Cody Hodgson Buyout Not Easy Option, But Makes Sense


There is no denying the fact that the Buffalo Sabres are mired in another historically epic bad season.  The fact that the team is still a literal tire fire while the organization plans the final stages of the rebuild has affected the overall production of all its players, to include top forwards like Cody Hodgson.

The time may come however,to cut ties with Cody Hodgson and release him back into the wild.  The only problem is, Tim Murray doesn’t like to give up players for nothing (who does?).

Through 50 games, Hodgson only has two goals and six assists.  Now you can’t say that all of the bad vibes coming out of Buffalo are the exact reason for this, because there are guys on the team that have been able to score. Zemgus Girgensons leads the team with 13 goals, and Tyler Ennis has hit double digits as well.

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So what makes Cody Hodgson a legitimate buyout contender when the rest of the team is trade worthy?  First off, no other teams see value in a guy who, correct or not, supposedly made so much noise partly causing his departure from Vancouver.  There is little production value.  And now you can talk about the Cody Hodgson contract.

After this season Hodgson still has four years remaining on his contract.  That is a long commitment for a player that will need to reprove his ability to compete and provide value for a team in the National Hockey League.  Ted Nolan spoke very openly about the situation the players in Buffalo are in, and its either prove your worth to another team (if your on the trade line) or prove your worth to us.

So it has come down to the fact that the head coach of the Buffalo Sabres has pretty much gone and said that the Sabres have entered training camp mode, and guys are vying to prove their worth at the NHL level.  If you’re watching Buffalo Sabres hockey games still, there are few nights when anyone has gotten the message of that memo.

Why Buyout Cody Hodgson

What was Hodgson supposed to be for the Buffalo Sabres?  A quick fix at center?  Was the team hoping that getting him out of Vancouver would have changed his play and elevated him to a number one or two center spot that they could pair up with some of the younger prospects coming up in the organization?

I know Tim Murray wants to get something for expiring contracts, and he has said he does not want to let players go away for nothing. Cutting the apron strings from Cody Hodgson might just be the best scenario for both sides of the deal.

For Hodgson – he gets to start over. Let his agent find a team that will be willing to pay him as a third line center, and grow into a larger role, if he indeed gets better with age.  At only 24 years old, his best hockey years might be ahead of him still.  He only got 71 American Hockey League games under his belt.  Granted he was a first overall pick, but how much time did he actually get to learn the professional game before being thrust into a top line role?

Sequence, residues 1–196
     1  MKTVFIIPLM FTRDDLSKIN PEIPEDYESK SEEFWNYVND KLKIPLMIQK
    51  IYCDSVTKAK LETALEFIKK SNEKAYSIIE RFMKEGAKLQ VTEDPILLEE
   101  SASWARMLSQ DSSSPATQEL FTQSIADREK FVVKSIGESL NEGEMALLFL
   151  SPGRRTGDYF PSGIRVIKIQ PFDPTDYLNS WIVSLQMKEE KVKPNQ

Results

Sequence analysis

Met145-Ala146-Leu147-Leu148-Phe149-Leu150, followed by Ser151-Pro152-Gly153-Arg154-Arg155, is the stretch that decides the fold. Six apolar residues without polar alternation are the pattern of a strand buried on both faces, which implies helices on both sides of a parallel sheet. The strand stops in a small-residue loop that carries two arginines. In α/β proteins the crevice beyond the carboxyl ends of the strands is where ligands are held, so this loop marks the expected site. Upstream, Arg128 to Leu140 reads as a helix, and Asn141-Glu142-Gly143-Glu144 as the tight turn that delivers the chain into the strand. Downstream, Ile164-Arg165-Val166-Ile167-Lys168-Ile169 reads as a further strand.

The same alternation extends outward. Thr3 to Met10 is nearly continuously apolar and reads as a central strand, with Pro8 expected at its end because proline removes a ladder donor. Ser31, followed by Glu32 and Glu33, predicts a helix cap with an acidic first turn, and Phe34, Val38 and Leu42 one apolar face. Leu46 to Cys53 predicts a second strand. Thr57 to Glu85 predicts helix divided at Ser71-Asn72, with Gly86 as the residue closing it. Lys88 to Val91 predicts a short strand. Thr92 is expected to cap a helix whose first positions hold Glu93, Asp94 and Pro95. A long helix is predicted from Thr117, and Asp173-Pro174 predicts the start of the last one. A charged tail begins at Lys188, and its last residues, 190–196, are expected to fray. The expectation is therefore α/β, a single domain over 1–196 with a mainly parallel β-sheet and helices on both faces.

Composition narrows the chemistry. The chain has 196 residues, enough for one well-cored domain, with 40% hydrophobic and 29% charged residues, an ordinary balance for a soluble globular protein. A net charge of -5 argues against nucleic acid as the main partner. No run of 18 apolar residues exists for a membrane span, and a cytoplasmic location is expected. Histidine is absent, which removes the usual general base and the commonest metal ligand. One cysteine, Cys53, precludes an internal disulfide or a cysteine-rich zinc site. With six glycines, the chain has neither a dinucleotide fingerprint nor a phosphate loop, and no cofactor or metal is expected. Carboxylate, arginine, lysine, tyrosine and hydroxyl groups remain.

I am not saying that Cody Hodgson is going to turn into a perennial all-star and woo the masses by coming out of his shell once he leaves the Buffalo Sabres.  But there is something to be said about letting the kid grow into the game.  That same draft Tyler Myers was taken just after him, and despite winning the Calder trophy – even he could have used some time to season in the minors before being thrust into the bigs.

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2008 NHL Entry Draft

Cody Hodgson went tenth overall in the 2008 NHL Entry Draft.  Did the Vancouver Canucks realize they got a draft bust, or did they handle his entry into the NHL wrong?  Lets take a look at the guys in the draft that went ahead of Cody Hodgson.

The top four draft picks from that season played a combine six games in the American Hockey League before joining their clubs full time.  Drew Doughty and Steven Stamkos were instantly put on their clubs roster.  Zach Bogosian (five games) and Alex Petrangelo (1 game) saw limited action in the AHL.  Petrangelo actually saw a stint back with the OHL club for twenty-five games in the 2009-2010 season.

Luke Schenn, taken fifth overall, went straight to the NHL, and was traded to the Flyers.

Nikita Filatov went sixth overall to the Columbus Blue Jackets that year, and bounced around being landing himself in the KHL.

Colin Wilson split time between the Nashville Predators and the AHL Admirals in his first pro season, getting 40 total games at the AHL level.

Mikkel Bodker played the AHL game as the Arizona Coyotes got him ready for full time NHL status.  Josh Bailey took a couple of season to get any time in with the New York Islanders farm team, and only appeared in 11 AHL hockey games.

What does all of this tell us about Cody Hodgson?  That he might have been the dropoff man at the draft.  You know that imaginary line of players that aren’t 100% ready for the NHL despite their being good enough to be drafted in the first round.

Maybe he was a reach for the Vancouver Canucks at 10th overall.  Hindsight is always 20/20 in situations like this, but Tyler Myers, Erik Karlsson and Jordan Eberle were all drafted after Hodgson in 2008.

For the Buffalo Sabres, there is value in letting Hodgson go via buyout.  They will be on the hook for a portion of his salary per the CBA (no more compliance buyouts).  A team that needed to sign stagglers to one year deals to make the salary floor this year, the cost of his buyout salary for a few years just might help the Buffalo Sabres stabilize their roster and put the right pieces in place going forward.

So we have two schools of thought, give him the change of scenery and eat his cap space as part of the buyout, or retain him and hope that in the next four years we get the type of player that we anticipated when we traded for a top ten draft selection.

Next: Tyler Myers Rumors